Tuesday, December 15, 2015

Creamer: Dems Must Unite Against New Effort to End Unions | Democratic Strategist

Creamer: Dems Must Unite Against New Effort to End Unions | Democratic Strategist

News Reports Give 284 Minutes to Trump, 10 to Sanders

A new report finds the flagship news programs at major networks NBCCBS and ABC have dedicated 234 minutes this year to stories about Donald Trump—compared to just 10 minutes for Democratic presidential candidate Vermont Senator Bernie Sanders. The gap comes despite Trump and Sanders often having similar levels of support in primary polls. The Tyndall Report found ABC’s World News Tonight, for example, has devoted 81 minutes to Trump campaign stories—and less than one minute to Sanders, for the entire year.
Dec. 15, 2015.

Tuesday, December 8, 2015

Donald Trump is Dangerous to Democracy

Choosing Democracy: Donald Trump is Dangerous to Democracy: Donald J. Trump called on Monday for the United States to bar all Muslims from entering the country until the nation’s leaders can “figure ...

Monday, December 7, 2015

Income inequality Happens by Design.

We Can't Fix It by Tweaking Capitalism

Income Inequality is form of Child Abuse
Portside Date: 
December 6, 2015
Steven W Thrasher
Date of Source: 
Saturday, December 5, 2015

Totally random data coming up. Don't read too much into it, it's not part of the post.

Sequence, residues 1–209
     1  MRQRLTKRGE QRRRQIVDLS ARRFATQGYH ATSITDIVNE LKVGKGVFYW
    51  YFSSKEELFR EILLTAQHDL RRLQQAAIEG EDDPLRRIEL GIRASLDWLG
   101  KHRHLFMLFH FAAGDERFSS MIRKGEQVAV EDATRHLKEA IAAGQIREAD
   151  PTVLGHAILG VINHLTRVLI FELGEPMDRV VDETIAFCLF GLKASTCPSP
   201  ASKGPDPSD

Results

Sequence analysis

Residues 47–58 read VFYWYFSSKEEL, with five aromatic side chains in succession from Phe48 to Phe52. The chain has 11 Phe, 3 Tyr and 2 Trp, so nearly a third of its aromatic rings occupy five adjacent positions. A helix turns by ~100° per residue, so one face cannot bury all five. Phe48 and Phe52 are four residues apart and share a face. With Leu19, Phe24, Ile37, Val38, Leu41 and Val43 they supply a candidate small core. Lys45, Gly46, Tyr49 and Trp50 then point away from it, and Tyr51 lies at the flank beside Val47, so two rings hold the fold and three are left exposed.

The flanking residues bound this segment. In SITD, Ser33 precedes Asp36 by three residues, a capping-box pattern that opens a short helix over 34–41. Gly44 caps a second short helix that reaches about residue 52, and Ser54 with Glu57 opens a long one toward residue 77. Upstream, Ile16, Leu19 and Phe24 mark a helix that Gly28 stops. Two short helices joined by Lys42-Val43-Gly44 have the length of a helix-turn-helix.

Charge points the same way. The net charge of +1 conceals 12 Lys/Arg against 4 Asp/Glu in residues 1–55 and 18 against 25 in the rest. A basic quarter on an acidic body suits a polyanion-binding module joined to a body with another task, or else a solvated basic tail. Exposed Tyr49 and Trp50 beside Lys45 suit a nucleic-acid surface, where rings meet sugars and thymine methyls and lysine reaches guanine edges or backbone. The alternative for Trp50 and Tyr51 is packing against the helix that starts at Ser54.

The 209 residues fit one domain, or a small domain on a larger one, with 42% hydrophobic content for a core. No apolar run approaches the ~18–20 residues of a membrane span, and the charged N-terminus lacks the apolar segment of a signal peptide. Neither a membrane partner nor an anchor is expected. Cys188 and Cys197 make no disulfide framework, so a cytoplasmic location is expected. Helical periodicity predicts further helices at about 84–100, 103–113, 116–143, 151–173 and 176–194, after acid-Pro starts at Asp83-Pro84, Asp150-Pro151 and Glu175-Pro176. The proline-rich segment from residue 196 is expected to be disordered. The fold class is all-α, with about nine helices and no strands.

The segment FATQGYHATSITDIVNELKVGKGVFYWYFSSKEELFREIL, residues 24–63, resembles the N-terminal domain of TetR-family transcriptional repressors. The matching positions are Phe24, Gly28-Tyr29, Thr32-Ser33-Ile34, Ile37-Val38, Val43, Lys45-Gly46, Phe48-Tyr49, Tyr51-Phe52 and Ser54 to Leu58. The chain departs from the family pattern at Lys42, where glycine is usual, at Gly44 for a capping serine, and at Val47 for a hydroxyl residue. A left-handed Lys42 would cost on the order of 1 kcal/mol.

The Guardian
The economic hoarding by those at the top has been termed “income inequality”, but that’s neither a strong nor accurate enough phrasing. I have never heard poor people complain about “income inequality”; poor people complain about being screwed out of housing [1] , or about working more hours for less pay [2] or about having to choose between medicine and food [3].
“Inequality” sounds like something that happens by accident and can be remedied by fiddling around the edges. It is not as if the rich are a little more equal and the poor a little less equal, and if we shift a bit we’ll all come out in the middle. What we’ve been calling “income inequality” might be better understood as a war waged by US political and economic policy on the poor.
A new report from the Institute for Policy Studies [4] issued this week analyzed the Forbes list of the 400 richest Americans [5] and found that “the wealthiest 100 households now own about as much wealth as the entire African American population in the United States”. That means that 100 families – most of whom are white – have as much wealth as the 41,000,000 black folks [6] walking around the country (and the million or so [7] locked up) combined.

Tuesday, December 1, 2015

A Transition Economy- for Workers

A Superfund for Workers


Jeremy Brecher
Date of Source: 
Sunday, November 15, 2015
Dollars and Sense